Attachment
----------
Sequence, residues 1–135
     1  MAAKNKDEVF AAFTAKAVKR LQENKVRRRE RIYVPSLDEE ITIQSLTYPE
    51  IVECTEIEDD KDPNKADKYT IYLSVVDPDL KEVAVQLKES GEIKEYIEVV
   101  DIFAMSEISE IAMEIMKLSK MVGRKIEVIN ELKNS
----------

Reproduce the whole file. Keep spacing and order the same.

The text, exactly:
Sequence, residues 1–135
     1  MAAKNKDEVF AAFTAKAVKR LQENKVRRRE RIYVPSLDEE ITIQSLTYPE
    51  IVECTEIEDD KDPNKADKYT IYLSVVDPDL KEVAVQLKES GEIKEYIEVV
   101  DIFAMSEISE IAMEIMKLSK MVGRKIEVIN ELKNS